When conducting any assessments for individual learners over the age of 16 in a business administration environment, there are a number of risks that may be involved with assessment. They may be risks to the learners in that unnecessary stress has been placed on them in a busy work environment where they have to perform their own work, plus any work given by the assessor. Any work produced may not be to a level of standard that is normally expected.
Assessors may be stressed, and under pressure to get learners through qualifications in a timely manner, thereby not covering the assessment criteria to any level of detail that has been set out by the examination body. Competency of any learner in the assessment process does run the risk of being an actual credible way of assessing in a work-based scenario, especially where observation is involved, as this may, as mentioned above, cause stress to the individual in that they might feel under pressure for a specific range of assessment situations set-up. Health and Safety risks may not be in place in a business administration environment as there are compliance officers in place who would be checking that any requirements for assessment are risked assessed for compliance to Health and Safety standards. Any issues that are found would be taken away from a responsibility perspective, from the assessor, and dealt with by the compliance team.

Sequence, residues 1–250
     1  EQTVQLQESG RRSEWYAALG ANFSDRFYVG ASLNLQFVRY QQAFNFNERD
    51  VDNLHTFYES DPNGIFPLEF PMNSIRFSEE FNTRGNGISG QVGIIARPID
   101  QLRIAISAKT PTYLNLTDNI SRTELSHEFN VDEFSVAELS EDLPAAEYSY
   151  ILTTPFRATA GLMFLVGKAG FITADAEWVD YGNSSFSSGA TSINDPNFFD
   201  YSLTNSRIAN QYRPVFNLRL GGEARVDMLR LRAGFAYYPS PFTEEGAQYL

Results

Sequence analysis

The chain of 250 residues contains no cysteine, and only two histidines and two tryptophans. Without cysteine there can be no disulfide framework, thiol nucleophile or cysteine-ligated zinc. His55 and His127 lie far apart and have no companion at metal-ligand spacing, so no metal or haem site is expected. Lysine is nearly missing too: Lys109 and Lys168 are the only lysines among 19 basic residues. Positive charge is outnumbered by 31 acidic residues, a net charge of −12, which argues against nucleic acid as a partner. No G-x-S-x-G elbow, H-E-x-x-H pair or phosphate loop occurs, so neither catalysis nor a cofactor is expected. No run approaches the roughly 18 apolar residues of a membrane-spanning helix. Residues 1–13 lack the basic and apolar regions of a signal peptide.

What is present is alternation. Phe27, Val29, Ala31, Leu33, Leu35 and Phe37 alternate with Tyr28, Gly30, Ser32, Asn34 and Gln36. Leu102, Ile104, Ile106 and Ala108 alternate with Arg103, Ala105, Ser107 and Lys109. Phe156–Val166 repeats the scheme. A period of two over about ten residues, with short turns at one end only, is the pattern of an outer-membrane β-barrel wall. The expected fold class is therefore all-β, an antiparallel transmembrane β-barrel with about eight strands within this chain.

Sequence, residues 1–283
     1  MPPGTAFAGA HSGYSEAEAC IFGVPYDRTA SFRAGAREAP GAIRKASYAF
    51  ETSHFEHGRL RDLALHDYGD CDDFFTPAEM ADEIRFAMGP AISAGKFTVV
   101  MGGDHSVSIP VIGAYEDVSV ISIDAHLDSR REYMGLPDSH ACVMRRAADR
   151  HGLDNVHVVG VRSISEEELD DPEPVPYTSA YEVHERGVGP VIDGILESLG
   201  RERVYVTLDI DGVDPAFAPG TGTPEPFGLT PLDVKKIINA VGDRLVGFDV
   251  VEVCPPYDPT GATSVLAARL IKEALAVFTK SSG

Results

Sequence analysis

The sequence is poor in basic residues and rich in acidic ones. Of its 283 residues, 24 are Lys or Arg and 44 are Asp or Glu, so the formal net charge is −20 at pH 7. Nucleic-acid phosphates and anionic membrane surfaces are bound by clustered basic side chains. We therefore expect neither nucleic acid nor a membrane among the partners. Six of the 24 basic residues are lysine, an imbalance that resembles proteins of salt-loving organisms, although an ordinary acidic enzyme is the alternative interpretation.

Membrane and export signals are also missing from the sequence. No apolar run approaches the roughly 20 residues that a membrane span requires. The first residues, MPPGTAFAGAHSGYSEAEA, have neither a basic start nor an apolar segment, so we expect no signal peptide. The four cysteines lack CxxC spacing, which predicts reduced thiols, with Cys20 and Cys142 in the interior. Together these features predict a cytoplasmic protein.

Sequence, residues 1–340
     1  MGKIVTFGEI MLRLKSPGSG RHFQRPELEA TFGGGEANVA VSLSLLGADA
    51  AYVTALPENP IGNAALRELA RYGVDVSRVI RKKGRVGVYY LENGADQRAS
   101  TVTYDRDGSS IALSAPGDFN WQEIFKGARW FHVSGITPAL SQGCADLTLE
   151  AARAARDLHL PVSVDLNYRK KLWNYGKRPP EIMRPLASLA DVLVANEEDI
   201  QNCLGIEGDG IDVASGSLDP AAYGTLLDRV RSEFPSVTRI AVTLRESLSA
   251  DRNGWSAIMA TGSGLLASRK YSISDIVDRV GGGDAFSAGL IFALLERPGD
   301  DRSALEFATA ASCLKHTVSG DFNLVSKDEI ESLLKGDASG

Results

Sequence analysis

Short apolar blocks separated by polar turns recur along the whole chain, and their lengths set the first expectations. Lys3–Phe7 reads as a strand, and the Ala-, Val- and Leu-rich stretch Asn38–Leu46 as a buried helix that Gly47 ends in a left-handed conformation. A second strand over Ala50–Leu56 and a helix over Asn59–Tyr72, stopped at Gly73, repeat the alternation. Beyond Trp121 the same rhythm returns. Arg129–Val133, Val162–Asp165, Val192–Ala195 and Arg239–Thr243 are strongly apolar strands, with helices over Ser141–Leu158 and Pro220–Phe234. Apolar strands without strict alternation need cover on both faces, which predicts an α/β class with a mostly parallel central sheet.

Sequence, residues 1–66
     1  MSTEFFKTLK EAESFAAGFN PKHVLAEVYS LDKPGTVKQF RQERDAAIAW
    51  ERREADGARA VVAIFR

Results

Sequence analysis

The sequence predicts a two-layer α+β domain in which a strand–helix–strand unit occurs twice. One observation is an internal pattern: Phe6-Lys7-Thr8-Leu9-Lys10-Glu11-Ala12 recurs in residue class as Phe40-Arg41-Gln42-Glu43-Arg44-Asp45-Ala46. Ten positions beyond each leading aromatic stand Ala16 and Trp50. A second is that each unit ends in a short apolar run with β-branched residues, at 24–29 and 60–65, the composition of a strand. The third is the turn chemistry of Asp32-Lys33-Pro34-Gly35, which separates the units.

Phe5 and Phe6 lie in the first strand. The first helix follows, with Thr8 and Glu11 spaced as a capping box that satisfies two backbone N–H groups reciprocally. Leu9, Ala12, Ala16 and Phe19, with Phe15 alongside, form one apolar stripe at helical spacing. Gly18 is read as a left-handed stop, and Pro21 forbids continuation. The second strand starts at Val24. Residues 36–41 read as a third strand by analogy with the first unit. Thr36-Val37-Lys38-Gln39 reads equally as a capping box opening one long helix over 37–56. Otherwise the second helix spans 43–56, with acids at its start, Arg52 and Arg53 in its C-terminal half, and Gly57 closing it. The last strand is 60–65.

This however does raise organisational risks involved with there being appropriate opportunities for assessment e.g. work disruption or availability of staff to complete the assessment. These organisational risks must be managed in an acceptable timescale to support assessment deadlines in a timely manner for submission. Due to the diverse nature of the workforce, any assessment does have the additional risk of being appropriate for the learner in terms of understanding and capability from an equality perspective.
Data Protection risks will be in place as all documentation and material from a learner and assessor perspective must comply with the principles of the Data Protection Act (1998). Compliance officers are there to understand whether internal processes and procedures are being followed and adhered to, but the risk is placed upon us individually to comply with all aspects of current legislation.Evidence authenticity is a risk that is minimised by having individual work-place email checks in place.
Any ‘signed’ statements from third-parties can be checked for validity with additional processes that can be adopted. This minimises any risks.